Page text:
Posts Tagged ‘solis’

Make use of Octopus Power-ups using a Solis Hybrid inverter.

Octopus energy recently announced they would be offering Power-ups; short periods of free electricity to customers in certain areas.

As one of the lucky people living in a Power-ups area, I wanted to quickly put together some basic notes on how to configure a Solis Hybrid Inverter to charge from the grid during these times. See to find out more about the scheme.

Note: This is all just my personal thoughts. I’m not an expert and information may be inaccurate so listen to me at your own risk. If you are not comfortable changing these settings – don’t. I’m fairly sure you could break your install or worse by incorrectly changing settings within these menus.

While everything mentioned here can be managed directly on the Inverter, the steps below our done using the remote management tool on Solis Cloud. If you have not already, you will need to manually request access to this at

Once approved, you will likely need to log in and out again to see the new buttons.

Setting the Inverter to charge from grid during the Power-up.

To start, enter the management console. From the plant overview screen select your plant (there should normally just be the one).

In the left hand menu you should then see a tab labelled “Device”, click this and you should see a list of inverts. Select the inverter serial number to view the Inverter itself

Then in the top right you should see the following buttons. Select “Inverter control”.

At this point you will need to re-enter your password and agree to the warning.

Now you should see a Control panel similar to the following.

To start select Work Mode, then select Self-consumption from the options avaiable.

You should then see a screen that looks like the below.

First, confirm self-use mode switch is on by clicking into Self-Use Mode Switch and confirming current value is “enable”.

Next enter Charge and Discharge.

Here I set charging current1 to 50Amp (the default), leaving discharge as 0 (as I don’t want to export). I also set the charging time as the period for the upcoming “Power up”. In my case 2pm till 4pm.

Unfortunately you can’t schedule this in advance so you’ll have to set this on the day, then turn it back off again afterwards or you risk it charging the battery on days when grid power is noticeably less free.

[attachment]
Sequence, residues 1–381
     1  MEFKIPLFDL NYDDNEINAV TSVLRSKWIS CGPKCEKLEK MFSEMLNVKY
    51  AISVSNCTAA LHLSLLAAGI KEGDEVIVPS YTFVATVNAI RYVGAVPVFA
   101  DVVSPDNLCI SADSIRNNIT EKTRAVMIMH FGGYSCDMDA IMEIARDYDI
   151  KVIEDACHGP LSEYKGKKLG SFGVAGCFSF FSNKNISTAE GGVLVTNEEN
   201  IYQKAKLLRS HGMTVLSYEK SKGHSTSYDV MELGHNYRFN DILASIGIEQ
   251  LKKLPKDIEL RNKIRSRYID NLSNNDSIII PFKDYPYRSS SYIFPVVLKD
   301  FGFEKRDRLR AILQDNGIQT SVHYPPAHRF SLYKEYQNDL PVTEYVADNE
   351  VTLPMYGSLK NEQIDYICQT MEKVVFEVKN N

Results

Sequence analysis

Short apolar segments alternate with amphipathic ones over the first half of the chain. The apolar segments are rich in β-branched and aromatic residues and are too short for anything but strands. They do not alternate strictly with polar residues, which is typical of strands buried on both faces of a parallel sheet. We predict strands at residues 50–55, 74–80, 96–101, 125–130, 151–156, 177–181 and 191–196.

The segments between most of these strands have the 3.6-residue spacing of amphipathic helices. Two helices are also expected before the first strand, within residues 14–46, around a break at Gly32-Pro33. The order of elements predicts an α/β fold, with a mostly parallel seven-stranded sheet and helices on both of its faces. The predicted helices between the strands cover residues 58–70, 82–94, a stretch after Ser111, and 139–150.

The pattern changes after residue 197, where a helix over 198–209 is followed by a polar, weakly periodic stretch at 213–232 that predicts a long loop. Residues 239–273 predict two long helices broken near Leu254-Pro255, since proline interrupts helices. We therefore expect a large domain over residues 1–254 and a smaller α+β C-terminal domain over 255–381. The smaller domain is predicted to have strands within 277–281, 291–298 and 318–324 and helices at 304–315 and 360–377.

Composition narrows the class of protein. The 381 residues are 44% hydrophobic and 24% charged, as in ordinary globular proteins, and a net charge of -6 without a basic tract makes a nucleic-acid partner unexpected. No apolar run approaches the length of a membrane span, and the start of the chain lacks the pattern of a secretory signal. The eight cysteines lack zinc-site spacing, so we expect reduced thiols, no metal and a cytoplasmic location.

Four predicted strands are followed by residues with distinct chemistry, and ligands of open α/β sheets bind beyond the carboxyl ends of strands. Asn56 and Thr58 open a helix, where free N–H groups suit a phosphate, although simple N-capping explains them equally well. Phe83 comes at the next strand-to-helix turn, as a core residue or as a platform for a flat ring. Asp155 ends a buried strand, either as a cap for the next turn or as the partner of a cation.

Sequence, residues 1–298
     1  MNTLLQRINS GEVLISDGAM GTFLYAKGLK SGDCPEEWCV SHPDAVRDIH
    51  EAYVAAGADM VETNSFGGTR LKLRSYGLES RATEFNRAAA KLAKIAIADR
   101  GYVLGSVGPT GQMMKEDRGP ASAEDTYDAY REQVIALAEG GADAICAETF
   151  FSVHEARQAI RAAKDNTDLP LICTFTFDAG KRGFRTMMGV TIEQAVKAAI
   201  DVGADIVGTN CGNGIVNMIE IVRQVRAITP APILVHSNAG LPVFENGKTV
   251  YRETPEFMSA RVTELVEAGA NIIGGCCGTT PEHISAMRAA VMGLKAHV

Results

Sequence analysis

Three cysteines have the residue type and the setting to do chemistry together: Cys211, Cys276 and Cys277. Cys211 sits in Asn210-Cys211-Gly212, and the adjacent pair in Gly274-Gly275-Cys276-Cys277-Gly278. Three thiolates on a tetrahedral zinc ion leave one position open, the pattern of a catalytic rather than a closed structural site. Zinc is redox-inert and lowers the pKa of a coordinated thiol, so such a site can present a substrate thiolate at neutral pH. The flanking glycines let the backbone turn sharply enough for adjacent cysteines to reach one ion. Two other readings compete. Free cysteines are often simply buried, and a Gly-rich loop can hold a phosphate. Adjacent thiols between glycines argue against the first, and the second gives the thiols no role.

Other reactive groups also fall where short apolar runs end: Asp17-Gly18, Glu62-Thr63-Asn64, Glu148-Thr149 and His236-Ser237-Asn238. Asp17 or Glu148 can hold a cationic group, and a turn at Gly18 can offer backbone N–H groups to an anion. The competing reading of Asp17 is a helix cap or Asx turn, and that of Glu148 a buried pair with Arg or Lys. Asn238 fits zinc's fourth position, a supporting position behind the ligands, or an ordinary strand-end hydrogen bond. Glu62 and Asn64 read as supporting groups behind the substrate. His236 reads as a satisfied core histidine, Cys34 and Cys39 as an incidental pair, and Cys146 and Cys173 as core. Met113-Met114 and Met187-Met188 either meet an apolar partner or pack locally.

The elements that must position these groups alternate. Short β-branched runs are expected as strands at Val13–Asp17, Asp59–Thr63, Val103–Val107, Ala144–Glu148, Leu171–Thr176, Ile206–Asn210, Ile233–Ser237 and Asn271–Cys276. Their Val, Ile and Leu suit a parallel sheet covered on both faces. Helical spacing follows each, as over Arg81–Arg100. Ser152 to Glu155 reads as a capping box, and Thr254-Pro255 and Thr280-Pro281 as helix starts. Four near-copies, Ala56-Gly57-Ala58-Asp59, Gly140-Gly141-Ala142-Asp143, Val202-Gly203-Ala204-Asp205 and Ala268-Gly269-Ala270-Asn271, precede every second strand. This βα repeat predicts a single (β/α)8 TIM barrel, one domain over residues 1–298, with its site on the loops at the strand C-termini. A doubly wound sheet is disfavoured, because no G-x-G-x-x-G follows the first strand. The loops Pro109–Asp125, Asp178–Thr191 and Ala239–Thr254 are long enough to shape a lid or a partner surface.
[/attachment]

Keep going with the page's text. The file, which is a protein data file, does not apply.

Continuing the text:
Now that is done, you can click in to Time of use switch and enable it. This pretty much just tells the inverter listen to the charging/discharging times you selected previously. These are ignored once this is turned back off.

Finally, select Allow Grid Charging, and enable it.

And then it is just a case of waiting for the “Power up” to start.

Assuming all is well your battery should begin to charge at around 2.5kW. This will first use any solar generation you have (as this goes direct to the battery), and then top’s up the rest from either spare power capacity in your home or the grid.

That said….

Please do remember to disable the “Time of use switch” and potentially “Allow grid charging” options after the power up is complete. If you forget you will end up paying for the grid import the next day when the defined charging slot comes around again.

A few more notes.

  • Everything described here was tested on my own solar “plant”, a 3.4kW Solis Hybrid Inverter with 2 Us3000c PylonTech batteries.
  • My home setup was previously in its default “self use” mode state after it’s installation.

I did find two particularly interesting things that were not originally clear to me when setting this up.

  1. While in self use mode, even with allow grid charging on – your system will not charge from the grid unless its during a charging period (configured in the charge and discharge settings).
  2. Better still – the charge from grid settings naming is slightly misleading. What it actually appears to mean is “Allow inverter to charge battery from an AC source”.

Why is this interesting?

Well, if you happen to have a second solar setup in your home (like I do from an older install), enabling this will actually allow your battery to charge using the spare AC capacity generated by the system, while not touching anything from the Grid itself. I’m fairly sure this only works due to my hybrid inverters CT clamp being on the main power from the house, allowing it to detect if there is spare capacity that’s currently being exported. I assume this is the standard approach, but best to confirm if you are unsure.

Its worth noting that the same configuration options could also be used to set a non “Power up” based charging schedule (given that is what they are actually intended for), for example if you get cheap power over night or similar. Given I don’t get that, the “Power up” was my first time touching any of these options. As such, I thought someone out there may find it useful to have this all written down, given the manual wasn’t quite as clear as I would have preferred

Thanks for reading.

That’s pretty much all there is to it.

Let me know if this was helpful or if I missed anything that’d be good to know.